Our morning begins with the clack of the walker’s brakes a wall away from where I sit here writing—that specific clunk of two handles lifted to release the wheels. But for her, it began an hour ago, waking up, looking at the ceiling of her bedroom, deciding whether or not to rise. It’s a painful decision. She’s ninety. When she lifts herself, the thin, exhausted muscles of her abdomen pull tight, like the strings of the old mandolin from El Salvador, which now sits on an upper shelf of her closet. A brittle instrument, no one’s played it in ninety seven years. It might snap and shatter if you pluck the strings.
She’s lifting herself from the bed. Her lungs tighten in the strain then release a breath that could dig through gravel. It’s a guttural, Old Country breath that has weathered the sins of others, now released in a house of children and a doting daughter-in-law and a son who breaths like she does in exertion, while lifting a heavy object or battling a psychotic episode. Our breaths grind into this world, this existence; our breaths have, for decades, defied.
She’s turning the walker toward the door. She negotiates the door. It takes time. She moves. Now, her slippers slide over the white oak floor of the hallway, toward the kitchen.
My mother’s name is Amanda del Carmen. She’s from El Salvador. She moved in with us early this year. She had lived in Appalachia Tennessee, my father’s world, since 1951. Dad died in 2011. Mom did well for a few years, she could take care of herself. But the time came to bring her home to us.
Ours is a busy house. Three of our four kids are at home, in that pit-stop time between college and their independent lives. Mom has gone from complete, utter solitude in a house where she talked to herself to escape the loneliness, coming to the edge of creating another persona, to our wondrous bedlam of voices.
It’s worked out well, having her with us. It shouldn’t. Both Mom and I are sick. We suffer from madness. I use that word instead of “manic depressive” or “bipolar,” because those don’t have any spunk. Madness. The blood-letting type. The kind that screams so hard, that brings you to your knees and makes you beat your head against the tile floor. The one that sends you to the asylum. The one that can kill you by your own hand.
We both take medicine, so we maintain a modicum of calm, though the illness always prickles underneath our skins. It’s not just genetics. The violence of others exacerbated the illness. In me, it metastasized.
She’s writing her memoir now. Her memory of events way back in 1930 are as clear to her as what we ate for supper last night—clearer. As she writes, the memories thicken-up, and spill into our conversations. They spill into my own childhood. I welcome this.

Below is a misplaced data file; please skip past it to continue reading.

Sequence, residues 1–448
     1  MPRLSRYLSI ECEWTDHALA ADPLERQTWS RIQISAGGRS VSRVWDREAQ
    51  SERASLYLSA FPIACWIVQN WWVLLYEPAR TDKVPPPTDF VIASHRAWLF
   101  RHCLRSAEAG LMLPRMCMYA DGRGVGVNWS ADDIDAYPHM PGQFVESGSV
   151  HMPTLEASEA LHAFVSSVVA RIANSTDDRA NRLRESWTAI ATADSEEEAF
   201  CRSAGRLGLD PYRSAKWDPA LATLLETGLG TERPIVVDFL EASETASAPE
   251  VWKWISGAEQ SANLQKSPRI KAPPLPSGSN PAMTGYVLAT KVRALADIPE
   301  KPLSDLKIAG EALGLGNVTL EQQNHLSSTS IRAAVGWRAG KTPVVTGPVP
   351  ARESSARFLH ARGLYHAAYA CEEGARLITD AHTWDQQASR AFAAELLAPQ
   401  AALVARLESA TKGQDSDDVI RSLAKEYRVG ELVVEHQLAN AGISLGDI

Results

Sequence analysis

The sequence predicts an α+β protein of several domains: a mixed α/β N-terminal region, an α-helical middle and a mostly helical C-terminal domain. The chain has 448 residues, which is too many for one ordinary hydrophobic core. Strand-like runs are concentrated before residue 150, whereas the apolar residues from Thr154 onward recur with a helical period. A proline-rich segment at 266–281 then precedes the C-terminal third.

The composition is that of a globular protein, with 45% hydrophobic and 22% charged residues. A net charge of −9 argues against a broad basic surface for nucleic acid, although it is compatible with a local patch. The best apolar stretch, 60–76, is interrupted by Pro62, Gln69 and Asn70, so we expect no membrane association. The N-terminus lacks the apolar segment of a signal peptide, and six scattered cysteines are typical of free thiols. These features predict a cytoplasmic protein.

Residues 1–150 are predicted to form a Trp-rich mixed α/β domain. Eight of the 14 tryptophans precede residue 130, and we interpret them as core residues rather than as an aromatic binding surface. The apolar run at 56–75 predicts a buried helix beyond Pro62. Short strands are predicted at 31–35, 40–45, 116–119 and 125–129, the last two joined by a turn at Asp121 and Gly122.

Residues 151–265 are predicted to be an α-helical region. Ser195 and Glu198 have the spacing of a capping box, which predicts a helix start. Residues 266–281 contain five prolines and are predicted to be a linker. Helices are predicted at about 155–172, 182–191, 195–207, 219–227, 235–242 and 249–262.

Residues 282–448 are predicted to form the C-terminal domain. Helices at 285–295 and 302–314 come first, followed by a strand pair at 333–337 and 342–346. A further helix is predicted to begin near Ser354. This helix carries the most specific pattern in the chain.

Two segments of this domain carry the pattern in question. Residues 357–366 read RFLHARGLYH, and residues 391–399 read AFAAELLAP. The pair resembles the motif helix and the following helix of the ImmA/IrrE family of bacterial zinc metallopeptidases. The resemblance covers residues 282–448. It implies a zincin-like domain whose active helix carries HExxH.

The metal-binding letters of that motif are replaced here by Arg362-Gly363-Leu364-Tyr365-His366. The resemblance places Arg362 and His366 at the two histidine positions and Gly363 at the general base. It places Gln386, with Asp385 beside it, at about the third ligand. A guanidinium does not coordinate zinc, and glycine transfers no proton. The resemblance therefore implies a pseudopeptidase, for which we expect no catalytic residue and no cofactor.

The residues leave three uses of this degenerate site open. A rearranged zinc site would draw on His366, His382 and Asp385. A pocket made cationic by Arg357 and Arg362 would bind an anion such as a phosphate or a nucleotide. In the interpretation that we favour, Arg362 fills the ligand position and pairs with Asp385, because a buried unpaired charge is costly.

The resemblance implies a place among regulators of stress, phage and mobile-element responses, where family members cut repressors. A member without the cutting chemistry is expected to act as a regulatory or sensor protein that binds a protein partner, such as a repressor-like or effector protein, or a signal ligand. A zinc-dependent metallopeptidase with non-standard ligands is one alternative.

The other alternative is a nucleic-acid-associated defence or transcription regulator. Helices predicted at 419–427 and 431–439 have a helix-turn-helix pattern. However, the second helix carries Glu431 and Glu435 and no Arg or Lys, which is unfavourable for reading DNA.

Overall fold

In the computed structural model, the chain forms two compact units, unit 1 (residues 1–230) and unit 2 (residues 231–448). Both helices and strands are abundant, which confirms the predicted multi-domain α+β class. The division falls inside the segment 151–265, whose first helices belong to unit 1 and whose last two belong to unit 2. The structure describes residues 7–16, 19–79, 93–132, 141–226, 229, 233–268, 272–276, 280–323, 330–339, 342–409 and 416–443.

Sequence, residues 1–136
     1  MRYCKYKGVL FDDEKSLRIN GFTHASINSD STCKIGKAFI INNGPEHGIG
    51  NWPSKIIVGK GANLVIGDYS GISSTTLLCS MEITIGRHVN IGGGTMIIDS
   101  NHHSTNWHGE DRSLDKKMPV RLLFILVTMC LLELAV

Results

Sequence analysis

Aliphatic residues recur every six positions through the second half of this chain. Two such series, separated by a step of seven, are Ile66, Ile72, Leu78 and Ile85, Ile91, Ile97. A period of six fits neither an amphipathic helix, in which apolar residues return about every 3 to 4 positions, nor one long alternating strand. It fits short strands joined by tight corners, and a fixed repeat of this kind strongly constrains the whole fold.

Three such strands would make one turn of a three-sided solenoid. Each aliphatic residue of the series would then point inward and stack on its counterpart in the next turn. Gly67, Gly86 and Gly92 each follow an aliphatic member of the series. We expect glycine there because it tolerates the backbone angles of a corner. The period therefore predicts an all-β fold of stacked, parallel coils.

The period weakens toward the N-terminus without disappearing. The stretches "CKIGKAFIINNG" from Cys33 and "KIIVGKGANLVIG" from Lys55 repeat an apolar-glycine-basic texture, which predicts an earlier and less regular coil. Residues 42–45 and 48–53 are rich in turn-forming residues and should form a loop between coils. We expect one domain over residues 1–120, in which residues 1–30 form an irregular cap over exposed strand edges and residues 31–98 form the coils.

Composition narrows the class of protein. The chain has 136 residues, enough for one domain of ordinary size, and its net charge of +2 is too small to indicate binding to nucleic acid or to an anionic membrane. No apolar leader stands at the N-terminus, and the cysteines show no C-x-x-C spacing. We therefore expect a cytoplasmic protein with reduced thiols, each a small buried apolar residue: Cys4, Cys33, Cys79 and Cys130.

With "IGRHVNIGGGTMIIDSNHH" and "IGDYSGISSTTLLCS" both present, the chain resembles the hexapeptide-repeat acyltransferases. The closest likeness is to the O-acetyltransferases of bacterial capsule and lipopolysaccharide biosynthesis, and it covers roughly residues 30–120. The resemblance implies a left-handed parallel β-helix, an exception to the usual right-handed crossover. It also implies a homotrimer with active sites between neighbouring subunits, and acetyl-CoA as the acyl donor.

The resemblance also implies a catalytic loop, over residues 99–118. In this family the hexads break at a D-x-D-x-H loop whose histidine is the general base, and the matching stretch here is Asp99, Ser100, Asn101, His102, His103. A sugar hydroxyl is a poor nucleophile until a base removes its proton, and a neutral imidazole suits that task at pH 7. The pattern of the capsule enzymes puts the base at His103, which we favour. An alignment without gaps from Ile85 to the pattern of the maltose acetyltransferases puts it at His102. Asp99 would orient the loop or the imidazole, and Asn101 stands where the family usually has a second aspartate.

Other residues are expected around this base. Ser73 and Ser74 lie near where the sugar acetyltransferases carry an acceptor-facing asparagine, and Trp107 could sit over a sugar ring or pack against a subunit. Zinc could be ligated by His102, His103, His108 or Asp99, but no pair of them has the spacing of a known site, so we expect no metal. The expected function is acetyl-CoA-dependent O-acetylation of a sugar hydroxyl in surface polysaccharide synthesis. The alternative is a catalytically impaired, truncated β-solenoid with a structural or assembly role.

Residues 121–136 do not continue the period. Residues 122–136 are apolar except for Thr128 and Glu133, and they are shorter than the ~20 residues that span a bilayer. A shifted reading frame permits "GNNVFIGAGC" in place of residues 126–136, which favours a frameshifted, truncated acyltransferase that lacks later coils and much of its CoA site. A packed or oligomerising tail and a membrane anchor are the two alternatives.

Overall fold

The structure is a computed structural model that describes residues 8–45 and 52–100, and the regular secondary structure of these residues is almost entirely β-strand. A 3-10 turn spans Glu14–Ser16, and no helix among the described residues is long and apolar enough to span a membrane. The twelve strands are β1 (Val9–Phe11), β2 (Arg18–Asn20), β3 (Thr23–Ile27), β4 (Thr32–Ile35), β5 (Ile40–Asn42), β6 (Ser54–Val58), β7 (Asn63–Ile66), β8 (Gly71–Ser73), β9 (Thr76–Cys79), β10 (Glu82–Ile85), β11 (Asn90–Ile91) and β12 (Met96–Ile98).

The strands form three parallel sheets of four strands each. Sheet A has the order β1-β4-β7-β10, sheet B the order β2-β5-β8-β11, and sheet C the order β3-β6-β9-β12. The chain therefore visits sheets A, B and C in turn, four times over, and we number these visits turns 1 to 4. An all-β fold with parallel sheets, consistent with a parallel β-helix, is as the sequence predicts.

I study history obsessively, but don’t believe in Time. I’ll steal a physicist’s theory: Through our conversations, Mom and I have pulled the trick of wrinkling time, so that our childhoods fold into each other. It’s brutal. It clarifies. We need clarity from the swarm of events that worsened our illnesses, the brutality of people that could have torn my mother and me apart, and nearly succeeded.
Hold our folded pasts up to the light, and you will see murder, childhood rape, a massacre, a near-kidnapping, a predator priest, an insane grandmother, a violent homophobe, drowning alcoholism, poverty, incest and suicide. I have never written of these things. And here I am now, considering writing them, on a goddamn blog.
Because, I want to share with you what hope is. Not the cloudy, empty-of-reason, religious, spiritual bullshit hope that desperate people spout on about. I’m talking about defiance. How staying alive is a triumph. I’m talking about now, this moment, when an old woman’s slippers slide over a white oak floor. I’m talking about a gnarled peace.
I don’t know how much of this I can write about. But, I’m going to give it a shot. There are people in that swarm of violence in the above paragraph that would just love to whisper in my ear, as they had so many years ago, Don’t tell anybody of these things. But I have to tell it, so that you can understand why those slippers down the hall mean so much to me.
But, this is dangerous territory. The minefield of childhood. I must walk carefully.
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